Taking antibiotics, whilst sometimes necessary, does cause changes in the composition of your gut microbiome that can have a negative effect on digestive health. The microbiome refers to the community of microorganisms in a particular environment. The gut microbiome is the driving force of the immune system, responsible for many metabolic processes, nutrition absorption, smooth digestion, and even mental health.
Unfortunately, antibiotics reduce the diversity of gut bacteria, causing functional issues to the digestive system, and leaving the host (that’s you) vulnerable to pathogenic bacteria such as Clostridioides difficile.
The good news is that there are a few simple ways to improve the health and diversity of your gut microbiome after a course of antibiotics.
One of the best ways to increase the diversity of gut bacteria is to consume probiotic and fermented foods. Probiotics are live bacteria and yeasts that are especially beneficial to the digestive system.
Studies show that those who eat yogurt and fermented milk have higher amounts of beneficial bacteria and lower levels of pathogenic bacteria like Enterobacteria and Bilophila wadsworthia.
Look for foods like kimchi, kefir, kombucha, sauerkraut, tempeh, miso and some aged cheeses can also promote healthy bacteria in the gut. You can also try a broad-spectrum probiotic supplement to help with general gut health.
To help the microbiome bounce back after anti-biotics, you want to keep your good gut bacteria well-fed. Prebiotics are foods that contain a lot of fiber or fermentable carbohydrates. These act like a fertilizer for your probiotics so your gut bacteria can thrive.
You can take prebiotics as supplements or include more prebiotic foods such as apples, bananas, barley, cabbage, oats, Jerusalem artichokes, and garlic.
3. Stress Reduction
Research has shed light on the intricate interplay between our brain, emotional state, and the well-being of our gut through the gut-brain axis—a two-way channel of communication that significantly influences various aspects of our system, including the nervous system and immune function.
Not only does suboptimal gut health trigger stress and mood irregularities but stress and inadequate sleep can also exert detrimental impacts on the gut’s microbial ecosystem.
This means incorporating certain stress-relieving techniques into your daily regimen can actually improve the health and diversity of your gut microbiome.
A study on Tibetan monks found that daily meditation over time can and does increase beneficial gut bacteria. Additionally, the practice of yoga, mindfulness, and focused breathing exercises has been scientifically proven to alleviate stress levels.
Immersing yourself in nature or gardening not only provides immediate stress relief but puts you in contact with an abundance of beneficial microbes from the soil. This is also true of spending close time with pets. Many also explore herbal remedies containing adaptogens to effectively manage stress and mitigate the consequences of persistent stress on the gut.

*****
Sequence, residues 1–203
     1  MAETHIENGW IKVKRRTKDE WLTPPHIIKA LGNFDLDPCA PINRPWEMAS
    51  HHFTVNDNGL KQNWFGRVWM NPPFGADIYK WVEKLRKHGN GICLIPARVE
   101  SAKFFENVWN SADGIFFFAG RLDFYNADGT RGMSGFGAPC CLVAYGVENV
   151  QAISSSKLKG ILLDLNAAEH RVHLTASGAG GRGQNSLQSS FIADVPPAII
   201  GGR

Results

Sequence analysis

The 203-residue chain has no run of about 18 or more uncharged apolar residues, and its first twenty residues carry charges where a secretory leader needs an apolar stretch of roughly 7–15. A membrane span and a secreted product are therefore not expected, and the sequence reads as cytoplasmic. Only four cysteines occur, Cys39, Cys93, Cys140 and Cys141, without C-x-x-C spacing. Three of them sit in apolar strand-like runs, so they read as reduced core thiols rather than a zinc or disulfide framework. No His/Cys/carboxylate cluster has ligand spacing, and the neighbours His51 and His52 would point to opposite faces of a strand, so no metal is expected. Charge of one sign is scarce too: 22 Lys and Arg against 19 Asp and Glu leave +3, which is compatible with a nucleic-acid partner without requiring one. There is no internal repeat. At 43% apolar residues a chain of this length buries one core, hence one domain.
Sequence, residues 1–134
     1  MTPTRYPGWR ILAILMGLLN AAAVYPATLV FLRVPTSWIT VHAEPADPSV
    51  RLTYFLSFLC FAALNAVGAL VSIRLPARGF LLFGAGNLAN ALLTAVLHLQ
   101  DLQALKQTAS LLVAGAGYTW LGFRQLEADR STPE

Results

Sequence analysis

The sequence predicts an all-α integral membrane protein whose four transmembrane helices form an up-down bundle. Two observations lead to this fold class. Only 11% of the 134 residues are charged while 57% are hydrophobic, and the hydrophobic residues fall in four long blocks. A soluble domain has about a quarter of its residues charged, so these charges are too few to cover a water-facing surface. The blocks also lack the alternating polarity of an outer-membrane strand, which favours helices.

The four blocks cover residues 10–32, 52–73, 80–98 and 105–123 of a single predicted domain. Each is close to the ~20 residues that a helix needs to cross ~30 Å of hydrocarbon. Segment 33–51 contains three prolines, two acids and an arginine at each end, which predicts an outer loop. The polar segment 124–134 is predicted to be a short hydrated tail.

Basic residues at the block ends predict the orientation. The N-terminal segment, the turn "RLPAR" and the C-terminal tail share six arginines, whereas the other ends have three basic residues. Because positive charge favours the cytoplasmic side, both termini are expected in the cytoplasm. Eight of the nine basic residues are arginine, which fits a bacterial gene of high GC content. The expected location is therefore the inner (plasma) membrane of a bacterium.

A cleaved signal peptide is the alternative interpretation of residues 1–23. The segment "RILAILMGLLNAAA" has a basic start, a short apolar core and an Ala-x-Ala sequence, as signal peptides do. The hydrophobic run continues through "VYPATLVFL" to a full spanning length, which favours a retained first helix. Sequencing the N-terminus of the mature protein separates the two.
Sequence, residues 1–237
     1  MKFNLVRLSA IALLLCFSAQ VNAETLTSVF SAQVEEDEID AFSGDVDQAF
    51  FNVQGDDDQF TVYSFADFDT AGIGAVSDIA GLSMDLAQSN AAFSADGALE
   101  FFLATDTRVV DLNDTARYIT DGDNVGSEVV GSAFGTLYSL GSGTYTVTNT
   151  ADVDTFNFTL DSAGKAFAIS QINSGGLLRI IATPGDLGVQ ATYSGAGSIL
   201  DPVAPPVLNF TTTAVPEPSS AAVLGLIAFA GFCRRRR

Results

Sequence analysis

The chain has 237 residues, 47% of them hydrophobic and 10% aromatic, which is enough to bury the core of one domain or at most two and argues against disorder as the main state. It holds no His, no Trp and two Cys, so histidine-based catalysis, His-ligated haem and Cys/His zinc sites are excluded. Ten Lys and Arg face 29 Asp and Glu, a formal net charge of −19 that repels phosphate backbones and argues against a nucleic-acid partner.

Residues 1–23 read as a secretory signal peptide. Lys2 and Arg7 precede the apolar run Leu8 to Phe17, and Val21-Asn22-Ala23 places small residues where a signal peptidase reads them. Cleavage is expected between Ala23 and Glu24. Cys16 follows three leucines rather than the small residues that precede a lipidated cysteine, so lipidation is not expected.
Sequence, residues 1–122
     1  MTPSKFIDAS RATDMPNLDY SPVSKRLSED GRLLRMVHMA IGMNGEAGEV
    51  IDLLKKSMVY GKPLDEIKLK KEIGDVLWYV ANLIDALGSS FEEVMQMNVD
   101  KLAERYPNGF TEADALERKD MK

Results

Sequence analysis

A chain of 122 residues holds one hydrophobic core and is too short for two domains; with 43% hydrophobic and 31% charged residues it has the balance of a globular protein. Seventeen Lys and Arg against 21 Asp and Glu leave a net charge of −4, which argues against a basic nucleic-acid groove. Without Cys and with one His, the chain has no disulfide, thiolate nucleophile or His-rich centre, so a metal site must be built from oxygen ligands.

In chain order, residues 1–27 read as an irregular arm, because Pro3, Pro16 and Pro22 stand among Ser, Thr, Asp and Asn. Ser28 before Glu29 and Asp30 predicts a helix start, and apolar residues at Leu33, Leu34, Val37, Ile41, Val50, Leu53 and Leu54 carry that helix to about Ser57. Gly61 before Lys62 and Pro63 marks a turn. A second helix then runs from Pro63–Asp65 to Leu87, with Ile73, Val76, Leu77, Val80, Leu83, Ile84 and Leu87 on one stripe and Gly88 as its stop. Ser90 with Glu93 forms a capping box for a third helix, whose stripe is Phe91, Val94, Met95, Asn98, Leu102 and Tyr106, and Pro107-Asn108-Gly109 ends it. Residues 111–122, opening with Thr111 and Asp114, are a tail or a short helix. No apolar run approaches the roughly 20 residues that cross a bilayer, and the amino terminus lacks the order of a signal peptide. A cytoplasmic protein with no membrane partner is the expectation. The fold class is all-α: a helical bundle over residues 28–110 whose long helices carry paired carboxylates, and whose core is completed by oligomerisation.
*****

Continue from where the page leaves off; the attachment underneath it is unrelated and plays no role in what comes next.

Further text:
4. Rest to Digest!
High-quality sleep is a vital aspect of keeping the gut microbiome healthy and balanced. This is because the microbiome and our circadian rhythm are closely connected. Not only that, but it’s important to give the gut an uninterrupted 8-10 hour span for processing food while your body is at rest.
It’s best not to eat between dinner and breakfast the next day, which can help with inflammation, in turn protecting your gut from further damage. Keep your bedroom cool and dark before going to sleep, and avoid caffeine and alcohol in the evening.
You can also improve sleep with certain herbal teas and remedies, such as chamomile which has been found in studies to improve sleep quality. Chamomile binds to benzodiazepine receptors to exert a mild tranquilizing effect. Valerian root is another popular remedy for sleep as it contains the natural sedatives valepotriates and sesquiterpenes. Melatonin may also improve insomnia and sleep quality by boosting the hormone that regulates our circadian rhythm.
5. Eat Clean
Eating clean will give your microbiome a fresh new start. You can begin by limiting processed, pro-inflammatory foods.
Foods to Limit:
- Ultra-processed foods
- Red or processed meat
- Refines carbohydrates
- Sodas and ‘energy’ drinks
- Sugar and high-fructose corn syrup
- Artificial trans fats
Try to eat homemade food as much as possible, and always choose the least processed option. The gut also loves a variety of fresh, seasonal produce so try to eat mostly in-season fruits and vegetables. If you’re suffering a GI disorder like IBD or IBS, it’s best to work with a dietician to ensure your needs are being met and any nutritional deficiencies are catered to.